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International Conflict Resolution Summer Schools

Over 75 international experts, policy-makers, researchers and peace activists will attend two international summer schools running in parallel at the Magee campus this week. 

Participants from 21 countries as far afield as Sri Lanka, Serbia, Romania, Belgium, Canada, Spain, Japan, Germany, Netherlands, Nigeria, Sweden, Australia and USA will join local practitioners and scholars for an intense week of reflection on state-of-the art learning and practice in managing, resolving and transforming conflict.  

The summer schools are run jointly by INCORE and by the Transitional Justice Institute. 

The Summer School on Transitional Justice is in its third year with this year’s theme focuses on ‘Gender, Conflict and Transition’.  

The 11th INCORE International Summer School is well established and the international networking opportunities provided over the years has built into a network of nearly 600 practitioners worldwide.  

Professor Brandon Hamber, INCORE Director said: “The INCORE Summer School continues to attract high quality delegates from around the world. This points to the ongoing significance of Northern Ireland and its peace process in international consciousness, and highlights that the University’s Magee campus remains synonymous with high quality conflict transformation work globally.”  

"The Summer School is also significant in other ways, it ends on the day the World Cup begins in South Africa, and this year we have our own league of nations at Magee. In the year when the Derry is being considered as a City of Culture of 2013, this demonstrates how important the University is in this bid.”  

TJI Director Professor Fionnuala Ni Aolain said: “The TJI Summer School focused on gender and transition issues brings much needed attention to an under-appreciated aspect of conflict and conflict transition in Northern Ireland and elsewhere.” 

One of the high profile joint events is a lecture from Professor Monica McWilliams, Chief Commissioner of the Northern Ireland Human Rights Commission on Wednesday, 9 June, entitled, 'Peace Processes and the Role of National Human Rights Institutions'.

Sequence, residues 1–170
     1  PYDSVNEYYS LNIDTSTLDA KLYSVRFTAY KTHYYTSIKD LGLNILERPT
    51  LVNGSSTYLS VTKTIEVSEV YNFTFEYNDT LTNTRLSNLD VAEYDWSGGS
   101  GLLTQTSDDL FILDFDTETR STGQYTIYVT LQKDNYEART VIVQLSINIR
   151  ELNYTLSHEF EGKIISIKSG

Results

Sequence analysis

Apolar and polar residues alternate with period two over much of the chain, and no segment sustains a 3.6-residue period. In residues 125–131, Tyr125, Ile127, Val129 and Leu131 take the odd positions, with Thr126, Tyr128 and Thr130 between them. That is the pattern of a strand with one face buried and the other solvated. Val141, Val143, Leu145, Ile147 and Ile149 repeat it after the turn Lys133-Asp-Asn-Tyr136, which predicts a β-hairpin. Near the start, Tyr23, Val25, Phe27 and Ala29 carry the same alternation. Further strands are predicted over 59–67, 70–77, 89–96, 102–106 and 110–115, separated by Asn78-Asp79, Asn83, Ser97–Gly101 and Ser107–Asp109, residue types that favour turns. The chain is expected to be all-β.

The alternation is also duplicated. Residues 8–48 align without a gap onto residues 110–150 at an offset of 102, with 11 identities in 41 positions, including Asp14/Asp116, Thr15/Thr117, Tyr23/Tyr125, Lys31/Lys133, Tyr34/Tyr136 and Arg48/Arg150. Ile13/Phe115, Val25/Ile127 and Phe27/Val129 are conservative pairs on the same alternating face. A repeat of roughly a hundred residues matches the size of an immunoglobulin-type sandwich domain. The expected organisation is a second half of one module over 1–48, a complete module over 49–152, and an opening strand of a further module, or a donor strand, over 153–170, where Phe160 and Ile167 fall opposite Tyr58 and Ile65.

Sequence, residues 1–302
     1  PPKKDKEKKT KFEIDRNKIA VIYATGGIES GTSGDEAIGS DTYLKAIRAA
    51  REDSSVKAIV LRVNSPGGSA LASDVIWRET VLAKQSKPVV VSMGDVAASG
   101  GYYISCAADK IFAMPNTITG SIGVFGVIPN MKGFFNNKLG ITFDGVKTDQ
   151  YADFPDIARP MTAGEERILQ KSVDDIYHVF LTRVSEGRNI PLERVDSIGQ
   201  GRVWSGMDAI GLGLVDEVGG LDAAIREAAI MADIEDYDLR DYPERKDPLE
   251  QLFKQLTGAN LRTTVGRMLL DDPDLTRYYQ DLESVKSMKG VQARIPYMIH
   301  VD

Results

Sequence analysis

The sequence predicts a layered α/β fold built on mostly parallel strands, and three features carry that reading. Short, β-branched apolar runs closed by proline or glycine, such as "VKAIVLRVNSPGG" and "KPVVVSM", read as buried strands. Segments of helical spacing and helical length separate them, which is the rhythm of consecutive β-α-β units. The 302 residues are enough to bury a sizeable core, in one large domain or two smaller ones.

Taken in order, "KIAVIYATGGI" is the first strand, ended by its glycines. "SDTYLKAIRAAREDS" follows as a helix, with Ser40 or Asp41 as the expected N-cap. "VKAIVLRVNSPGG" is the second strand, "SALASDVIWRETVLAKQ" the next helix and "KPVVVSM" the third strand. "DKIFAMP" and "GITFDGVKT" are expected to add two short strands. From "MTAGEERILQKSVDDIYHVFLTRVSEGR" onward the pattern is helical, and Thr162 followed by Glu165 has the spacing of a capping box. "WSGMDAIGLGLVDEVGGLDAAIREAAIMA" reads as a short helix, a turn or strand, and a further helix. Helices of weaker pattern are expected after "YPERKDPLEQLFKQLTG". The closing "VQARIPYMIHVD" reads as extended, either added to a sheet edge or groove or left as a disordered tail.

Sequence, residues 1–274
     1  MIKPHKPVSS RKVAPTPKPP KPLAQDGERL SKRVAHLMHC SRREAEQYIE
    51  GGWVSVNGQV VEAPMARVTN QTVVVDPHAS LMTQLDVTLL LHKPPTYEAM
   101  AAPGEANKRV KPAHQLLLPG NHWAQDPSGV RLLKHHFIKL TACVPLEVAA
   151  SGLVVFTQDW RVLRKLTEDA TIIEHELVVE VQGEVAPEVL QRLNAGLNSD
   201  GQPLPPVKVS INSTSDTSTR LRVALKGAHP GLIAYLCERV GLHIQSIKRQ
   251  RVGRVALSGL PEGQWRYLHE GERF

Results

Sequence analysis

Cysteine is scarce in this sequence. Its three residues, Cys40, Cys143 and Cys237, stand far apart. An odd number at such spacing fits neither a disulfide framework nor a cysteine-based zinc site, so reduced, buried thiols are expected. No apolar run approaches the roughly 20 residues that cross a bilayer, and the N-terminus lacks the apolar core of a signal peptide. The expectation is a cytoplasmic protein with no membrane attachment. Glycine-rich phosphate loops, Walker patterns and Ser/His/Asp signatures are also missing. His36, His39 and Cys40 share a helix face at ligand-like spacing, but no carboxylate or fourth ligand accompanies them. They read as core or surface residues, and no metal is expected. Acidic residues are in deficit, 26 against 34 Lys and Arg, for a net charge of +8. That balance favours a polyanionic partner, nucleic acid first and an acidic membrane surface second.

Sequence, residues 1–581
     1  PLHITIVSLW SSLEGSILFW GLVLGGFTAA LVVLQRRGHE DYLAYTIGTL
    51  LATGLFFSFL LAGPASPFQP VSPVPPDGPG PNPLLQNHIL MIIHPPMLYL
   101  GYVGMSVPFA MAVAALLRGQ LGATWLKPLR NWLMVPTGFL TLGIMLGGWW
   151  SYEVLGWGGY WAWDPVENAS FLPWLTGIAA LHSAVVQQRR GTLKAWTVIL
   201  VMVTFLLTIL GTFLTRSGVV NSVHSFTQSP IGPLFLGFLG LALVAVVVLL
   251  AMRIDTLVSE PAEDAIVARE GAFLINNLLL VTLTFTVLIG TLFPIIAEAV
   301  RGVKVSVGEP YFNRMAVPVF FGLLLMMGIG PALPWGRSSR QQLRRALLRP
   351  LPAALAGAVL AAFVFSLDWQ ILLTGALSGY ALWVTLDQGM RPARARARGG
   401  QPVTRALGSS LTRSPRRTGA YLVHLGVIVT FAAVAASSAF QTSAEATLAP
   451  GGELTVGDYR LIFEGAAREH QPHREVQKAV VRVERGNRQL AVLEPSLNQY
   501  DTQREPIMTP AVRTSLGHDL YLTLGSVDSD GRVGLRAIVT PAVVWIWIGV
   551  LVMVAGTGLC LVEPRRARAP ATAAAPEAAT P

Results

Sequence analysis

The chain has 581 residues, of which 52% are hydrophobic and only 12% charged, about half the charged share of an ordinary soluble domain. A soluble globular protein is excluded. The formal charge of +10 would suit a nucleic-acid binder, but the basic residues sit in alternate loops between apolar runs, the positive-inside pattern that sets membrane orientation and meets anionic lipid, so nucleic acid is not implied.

Professor Christine Bell, Associate Director of the TJI, said: “We are delighted that Monica McWilliams will address this year’s International Summer School Lecture to give our participants an insight into the role of national human rights institutions in peace processes, with a particular focus on the Northern Ireland peace process.”   

The TJI is also hosting an art exhibition at the Playhouse in Derry entitled “Our View”, with TJI Artist in Residence Rita Duffy. 

INCORE’s week-long summer school includes modules on:

 - Evaluation of Peacebuilding Programmes

 - Interpersonal Reconciliation after Violent Political Conflict  

 - Peacemaking and Peacebuilding: Exploring the Lessons Learned from Northern Ireland.
 

TJI’s week-long programme examines such issues as:
 - Truth Processes and Women
 - Security Reform and Gender
 - International Criminal Law for gender based crimes
 - Social and Economic Rights in the context of transition.

INCORE also runs a Northern Ireland programme to provide participants with an opportunity to network with others, gaining a deeper insight into Northern Ireland.  

The Summer School this year was also supported with bursaries for local participants sponsored by the Community Relations Council. The International Development Research Centre has also supported the participation of Colleen Duggan from the staff. She will be co-facilitating the Evaluation of Peacebuilding Programmes module.